WILD TURKEY AND UPLAND GAME BIRDS – Turkeys continue to expand into new territory in the region with numbers increasing to stabilizing. Chukar, Hungarian partridge and quail numbers are also decent. While overall numbers are down from the glory days in the early nineties, they are up from a few years ago. Pheasant numbers are about average where you can find good cover to hold them. Forest grouse made it into a good number of stew pots this year, as numbers appeared to be a little better then average in many areas.

This fall, our officers have spent the majority of their time visiting with hunters, responding to citizen calls of poaching incidents and patrolling to detect and deter poaching. Overall, most of the hunters and anglers we contacted were having a great time and doing their best to do things right. A major enforcement check station was also conducted on Highway 95 near Riggins in which several hundred hunters were checked for law compliance. Only 28 game violations were detected. For the number of hunters that passed through the check station, officers were pleased with the overall compliance.

Unfortunately, we have also responded to several “drive by” shootings of deer on private land with several animals shot and left to rot or just shot with only the antlers taken. Like it or not, there area a visible minority out there that are destroying the hunter image. They don’t care about ethics, sustaining game populations or helping assure that the tradition of hunting continues for future generations. Most poach for bloodlust and greed.

Many hunters and non-hunting citizens alike are no longer tolerating the abuse of our local wildlife treasures. They are reporting the crimes to authorities, providing crucial information that has helped bring many poachers to justice.

Please don’t tolerate poaching, even in your friends and family. To report a wildlife violation, a phone call to your local conservation officer or sheriff’s department is often the quickest route. A call to Citizens Against Poaching 1 (800)632-5999 can assure your call is kept confidential and you may be eligible for a reward.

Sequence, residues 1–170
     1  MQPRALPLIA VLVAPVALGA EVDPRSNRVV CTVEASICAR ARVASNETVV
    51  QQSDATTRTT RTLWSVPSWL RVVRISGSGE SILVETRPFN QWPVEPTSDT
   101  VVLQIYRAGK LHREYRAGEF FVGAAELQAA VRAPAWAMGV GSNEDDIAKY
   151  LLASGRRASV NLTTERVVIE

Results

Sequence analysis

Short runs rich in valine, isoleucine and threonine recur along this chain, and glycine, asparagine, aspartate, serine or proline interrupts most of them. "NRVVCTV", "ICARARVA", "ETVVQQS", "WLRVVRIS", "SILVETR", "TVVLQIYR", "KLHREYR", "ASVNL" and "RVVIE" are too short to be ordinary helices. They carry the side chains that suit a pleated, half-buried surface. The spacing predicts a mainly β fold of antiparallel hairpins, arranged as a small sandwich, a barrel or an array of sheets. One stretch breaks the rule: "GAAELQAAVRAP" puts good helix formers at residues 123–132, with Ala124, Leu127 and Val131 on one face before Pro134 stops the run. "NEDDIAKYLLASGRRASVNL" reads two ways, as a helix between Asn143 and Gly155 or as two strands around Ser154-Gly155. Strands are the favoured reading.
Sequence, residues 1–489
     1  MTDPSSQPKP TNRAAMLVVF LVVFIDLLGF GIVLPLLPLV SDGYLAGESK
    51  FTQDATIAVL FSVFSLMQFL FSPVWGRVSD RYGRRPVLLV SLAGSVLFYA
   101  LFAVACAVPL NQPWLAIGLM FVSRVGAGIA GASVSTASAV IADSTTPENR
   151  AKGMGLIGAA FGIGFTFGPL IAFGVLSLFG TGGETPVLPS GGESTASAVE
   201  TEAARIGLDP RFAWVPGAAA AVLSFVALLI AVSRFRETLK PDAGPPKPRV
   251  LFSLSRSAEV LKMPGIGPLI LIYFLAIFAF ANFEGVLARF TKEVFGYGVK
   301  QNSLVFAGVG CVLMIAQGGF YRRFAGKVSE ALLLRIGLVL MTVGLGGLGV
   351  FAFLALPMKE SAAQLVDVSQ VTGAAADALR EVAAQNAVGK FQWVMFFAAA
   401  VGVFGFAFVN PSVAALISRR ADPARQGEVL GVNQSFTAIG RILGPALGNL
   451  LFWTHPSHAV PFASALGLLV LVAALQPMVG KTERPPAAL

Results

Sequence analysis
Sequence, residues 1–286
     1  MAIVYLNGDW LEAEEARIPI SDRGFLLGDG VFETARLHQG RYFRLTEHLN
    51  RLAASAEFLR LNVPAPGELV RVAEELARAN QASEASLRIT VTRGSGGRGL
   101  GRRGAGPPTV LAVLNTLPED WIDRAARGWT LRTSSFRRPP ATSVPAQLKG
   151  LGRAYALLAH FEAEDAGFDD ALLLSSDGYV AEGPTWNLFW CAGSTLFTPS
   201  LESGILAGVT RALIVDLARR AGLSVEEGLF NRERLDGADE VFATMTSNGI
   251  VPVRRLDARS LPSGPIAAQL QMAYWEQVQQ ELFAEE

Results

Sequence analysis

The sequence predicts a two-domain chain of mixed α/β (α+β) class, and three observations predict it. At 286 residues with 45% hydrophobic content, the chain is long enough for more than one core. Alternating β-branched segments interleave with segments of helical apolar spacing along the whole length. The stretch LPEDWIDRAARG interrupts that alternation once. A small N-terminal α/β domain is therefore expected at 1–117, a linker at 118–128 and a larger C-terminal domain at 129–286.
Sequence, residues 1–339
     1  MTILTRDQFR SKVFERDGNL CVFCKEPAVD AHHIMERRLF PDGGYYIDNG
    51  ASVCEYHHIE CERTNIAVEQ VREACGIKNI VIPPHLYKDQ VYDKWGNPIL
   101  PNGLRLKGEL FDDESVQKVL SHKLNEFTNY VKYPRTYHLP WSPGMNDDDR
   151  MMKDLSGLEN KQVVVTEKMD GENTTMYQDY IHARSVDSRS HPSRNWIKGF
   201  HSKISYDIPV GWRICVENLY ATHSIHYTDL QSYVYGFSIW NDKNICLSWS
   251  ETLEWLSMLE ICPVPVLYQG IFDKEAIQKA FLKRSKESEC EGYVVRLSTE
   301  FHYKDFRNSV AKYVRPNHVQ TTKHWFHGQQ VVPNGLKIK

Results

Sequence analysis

Some of the best hunting of the year is still to come. Please do your part to help the future of our great heritage by obeying all game laws, practicing ethical hunting and passing on the tradition by taking a youngster or new hunter afield.

George Fischer is a District Conservation Officer for IDFG stationed in Grangeville.

Buffalo Field Campaign says “no habitat, no hunt” as second Montana bison hunt begins.

YELLOWSTONE BISON BORDER SHOOT BEGINS

It’s Opening Day for Montana’s Bison Hunt

Exclusive BFC Video & Photos Available Upon Request

For Immediate Release: Wednesday, November 15, 2006
Contact: BFC, Stephany Seay 406-646-0070

WEST YELLOWSTONE & GARDINER, MONTANA. Today marks the opening day of Montana’s bison hunt. America’s last wild herd, the Yellowstone bison are enjoyed and admired by millions of national park visitors, yet between today and February 15 they will be targets for gunners along Park borders. Montana has issued 140 permits to kill Yellowstone bison that enter the state.

A bull bison was shot this morning along the Madison River, less than a quarter of a mile from the western boundary of Yellowstone National Park. Another bull was killed just outside of the Park’s northern boundary, near Gardiner.

Buffalo Field Campaign (BFC) a Montana-based wild bison advocacy group that opposes the current bison management will be monitoring and documenting the hunt. BFC aims to educate hunters regarding the extreme mismanagement of the Yellowstone bison and bolster support for bison conservation in Montana.